and to be inextricably linked to recent judicial decisions affecting prisoners
Last June, the U.S. Supreme Court ruled that foreign nationals held as terrorism
suspects by the U.S. military at Guantanamo have a constitutional right to
challenge their captivity in U.S. courts in Washington. Last week, a federal
judge began exploring whether this landmark decision also applies to Bagram.
Like Guantanamo, Bagram was set up as a facility where battlefield captives
could be held for the duration of the "war on terrorism" under full
military control in an overseas site beyond the reach of U.S. courts.
The Supreme Court has repeatedly thwarted the campaign to insulate Guantanamo
from the courts' review. But the Justice argument is that none of those rulings
has any application to Bagram, and that the federal judge should dismiss the
legal challenges by Bagram detainees by finding that U.S. courts have no jurisdiction
But lawyers for four Bagram prisoners who have been held in detention since
at least 2003 contend that recent Supreme Court Guantanamo decisions also apply
to Afghanistan. They are also arguing that another Supreme Court decision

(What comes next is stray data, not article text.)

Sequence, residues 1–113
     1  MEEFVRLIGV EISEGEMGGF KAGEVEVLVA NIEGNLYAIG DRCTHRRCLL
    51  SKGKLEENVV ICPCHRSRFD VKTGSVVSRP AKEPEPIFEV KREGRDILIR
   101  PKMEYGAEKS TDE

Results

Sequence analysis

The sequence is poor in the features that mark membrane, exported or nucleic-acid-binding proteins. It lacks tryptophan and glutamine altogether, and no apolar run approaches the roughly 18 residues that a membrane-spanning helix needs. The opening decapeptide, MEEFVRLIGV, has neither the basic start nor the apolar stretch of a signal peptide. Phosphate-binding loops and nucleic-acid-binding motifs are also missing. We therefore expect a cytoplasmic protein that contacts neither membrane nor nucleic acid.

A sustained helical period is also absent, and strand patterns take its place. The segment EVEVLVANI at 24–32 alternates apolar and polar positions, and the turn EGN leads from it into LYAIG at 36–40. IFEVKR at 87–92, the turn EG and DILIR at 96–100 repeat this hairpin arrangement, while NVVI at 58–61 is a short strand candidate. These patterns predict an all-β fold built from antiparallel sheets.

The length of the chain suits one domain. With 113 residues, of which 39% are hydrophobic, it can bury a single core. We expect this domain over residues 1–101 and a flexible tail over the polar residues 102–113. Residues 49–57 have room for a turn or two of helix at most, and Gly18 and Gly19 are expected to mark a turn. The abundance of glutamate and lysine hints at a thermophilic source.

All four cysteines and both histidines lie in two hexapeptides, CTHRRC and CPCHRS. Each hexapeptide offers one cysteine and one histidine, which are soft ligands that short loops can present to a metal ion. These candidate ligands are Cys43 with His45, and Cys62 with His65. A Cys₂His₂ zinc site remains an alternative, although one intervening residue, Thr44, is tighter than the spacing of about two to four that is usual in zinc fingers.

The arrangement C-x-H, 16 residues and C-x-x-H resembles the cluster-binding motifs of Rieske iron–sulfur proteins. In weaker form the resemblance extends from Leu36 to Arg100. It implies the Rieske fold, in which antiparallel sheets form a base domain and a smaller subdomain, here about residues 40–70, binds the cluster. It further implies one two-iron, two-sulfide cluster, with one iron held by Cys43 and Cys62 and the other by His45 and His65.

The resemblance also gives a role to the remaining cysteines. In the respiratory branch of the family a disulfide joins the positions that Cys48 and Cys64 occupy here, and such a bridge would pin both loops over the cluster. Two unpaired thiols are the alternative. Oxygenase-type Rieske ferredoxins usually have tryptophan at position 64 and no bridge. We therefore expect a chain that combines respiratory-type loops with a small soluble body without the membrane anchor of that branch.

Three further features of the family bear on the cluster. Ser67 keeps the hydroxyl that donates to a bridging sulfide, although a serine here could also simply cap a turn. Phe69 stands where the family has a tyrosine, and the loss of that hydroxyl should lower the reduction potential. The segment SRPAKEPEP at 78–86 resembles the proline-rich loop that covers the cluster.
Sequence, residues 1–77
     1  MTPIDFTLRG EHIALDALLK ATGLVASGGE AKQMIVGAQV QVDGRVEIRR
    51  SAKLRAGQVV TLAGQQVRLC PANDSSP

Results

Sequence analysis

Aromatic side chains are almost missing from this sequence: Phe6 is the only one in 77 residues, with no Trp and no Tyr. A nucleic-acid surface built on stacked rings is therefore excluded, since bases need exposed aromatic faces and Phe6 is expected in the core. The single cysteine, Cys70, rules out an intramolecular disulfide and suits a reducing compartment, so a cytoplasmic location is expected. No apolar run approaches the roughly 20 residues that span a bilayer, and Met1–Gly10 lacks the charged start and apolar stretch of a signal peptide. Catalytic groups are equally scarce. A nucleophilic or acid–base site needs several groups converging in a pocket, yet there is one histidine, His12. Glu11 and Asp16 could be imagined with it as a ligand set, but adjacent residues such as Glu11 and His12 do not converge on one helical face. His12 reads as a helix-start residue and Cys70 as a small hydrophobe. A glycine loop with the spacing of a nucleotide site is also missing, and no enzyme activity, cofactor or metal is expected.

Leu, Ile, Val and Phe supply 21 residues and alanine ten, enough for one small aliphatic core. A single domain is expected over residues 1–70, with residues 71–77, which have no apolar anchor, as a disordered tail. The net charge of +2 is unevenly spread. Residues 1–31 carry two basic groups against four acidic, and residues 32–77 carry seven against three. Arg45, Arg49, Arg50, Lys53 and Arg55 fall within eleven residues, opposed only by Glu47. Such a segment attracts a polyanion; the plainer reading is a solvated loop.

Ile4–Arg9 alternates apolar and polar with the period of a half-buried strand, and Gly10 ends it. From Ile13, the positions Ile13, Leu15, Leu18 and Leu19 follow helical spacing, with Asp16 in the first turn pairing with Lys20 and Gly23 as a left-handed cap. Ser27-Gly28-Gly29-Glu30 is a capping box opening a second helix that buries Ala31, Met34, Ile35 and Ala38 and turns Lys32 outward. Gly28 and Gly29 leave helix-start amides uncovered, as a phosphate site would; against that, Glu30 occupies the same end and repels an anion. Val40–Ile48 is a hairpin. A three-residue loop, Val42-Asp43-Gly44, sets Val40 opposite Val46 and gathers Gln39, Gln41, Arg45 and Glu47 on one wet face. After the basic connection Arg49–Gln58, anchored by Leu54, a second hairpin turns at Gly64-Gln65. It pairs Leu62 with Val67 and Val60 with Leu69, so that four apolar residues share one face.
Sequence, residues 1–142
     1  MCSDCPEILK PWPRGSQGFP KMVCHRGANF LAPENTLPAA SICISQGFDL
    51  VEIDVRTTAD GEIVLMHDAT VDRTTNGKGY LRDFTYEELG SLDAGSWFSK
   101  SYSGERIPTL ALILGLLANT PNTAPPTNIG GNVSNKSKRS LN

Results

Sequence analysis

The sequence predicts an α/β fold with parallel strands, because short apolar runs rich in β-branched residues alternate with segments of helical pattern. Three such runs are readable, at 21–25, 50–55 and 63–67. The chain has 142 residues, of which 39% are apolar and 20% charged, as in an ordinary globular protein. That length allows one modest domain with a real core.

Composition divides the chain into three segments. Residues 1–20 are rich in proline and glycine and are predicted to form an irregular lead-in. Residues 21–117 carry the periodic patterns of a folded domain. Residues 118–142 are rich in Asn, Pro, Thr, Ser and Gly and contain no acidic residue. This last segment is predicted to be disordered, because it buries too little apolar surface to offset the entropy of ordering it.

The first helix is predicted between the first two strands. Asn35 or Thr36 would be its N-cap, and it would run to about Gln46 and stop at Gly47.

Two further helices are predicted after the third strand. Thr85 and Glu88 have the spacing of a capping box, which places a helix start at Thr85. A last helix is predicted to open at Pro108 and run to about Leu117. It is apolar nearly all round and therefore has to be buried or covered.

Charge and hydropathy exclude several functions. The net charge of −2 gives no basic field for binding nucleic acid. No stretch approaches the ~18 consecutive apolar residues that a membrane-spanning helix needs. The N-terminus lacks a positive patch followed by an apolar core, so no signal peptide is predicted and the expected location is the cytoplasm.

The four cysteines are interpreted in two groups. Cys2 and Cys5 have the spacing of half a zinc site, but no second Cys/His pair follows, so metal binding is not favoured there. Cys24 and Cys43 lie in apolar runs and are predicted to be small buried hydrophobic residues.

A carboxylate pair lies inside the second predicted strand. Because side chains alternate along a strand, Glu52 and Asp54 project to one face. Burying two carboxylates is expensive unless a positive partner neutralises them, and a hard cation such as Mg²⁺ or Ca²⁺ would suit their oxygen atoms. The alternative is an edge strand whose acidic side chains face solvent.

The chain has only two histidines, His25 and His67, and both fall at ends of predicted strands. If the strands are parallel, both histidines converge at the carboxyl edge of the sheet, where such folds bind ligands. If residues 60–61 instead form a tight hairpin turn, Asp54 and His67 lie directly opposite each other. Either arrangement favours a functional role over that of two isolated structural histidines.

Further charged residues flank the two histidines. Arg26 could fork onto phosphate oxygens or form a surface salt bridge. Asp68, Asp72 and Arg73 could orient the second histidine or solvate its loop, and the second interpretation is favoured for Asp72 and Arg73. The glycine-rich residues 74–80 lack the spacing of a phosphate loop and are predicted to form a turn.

Munaf v. Geren extended habeas rights to a U.S. military facility
Barbara Olshansky of the Stanford Law School represents three of the four
men who brought the court action. She said "there is no more complete
analogy or mirror to Guantanamo than this [case]."
While U.S. District Judge John D. Bates has not ruled on the government's
motion to dismiss the four Bagram cases, he said during the court hearing,
"These individuals are no different than those detained at Guantanamo
except where they're housed."
In its motion to dismiss the cases, the Justice Department argued that Bagram
is so much a part of ongoing military operations that there simply is no role
for U.S. courts to play. "To provide alien enemy combatants detained in
a theater of war the privilege of access to our civil courts is unthinkable
both legally and practically," the government's brief claimed.
The government claims the U.S. does not have nearly the control over the Bagram
Airfield as it does over Guantanamo Bay, and thus the reasoning of the Supreme
Court in extending habeas rights to Guantanamo should not apply to Bagram.
It also noted that Bagram is in the midst of a war zone; Guantanamo is not.
It asserted that civilian court review of Bagram detentions would actually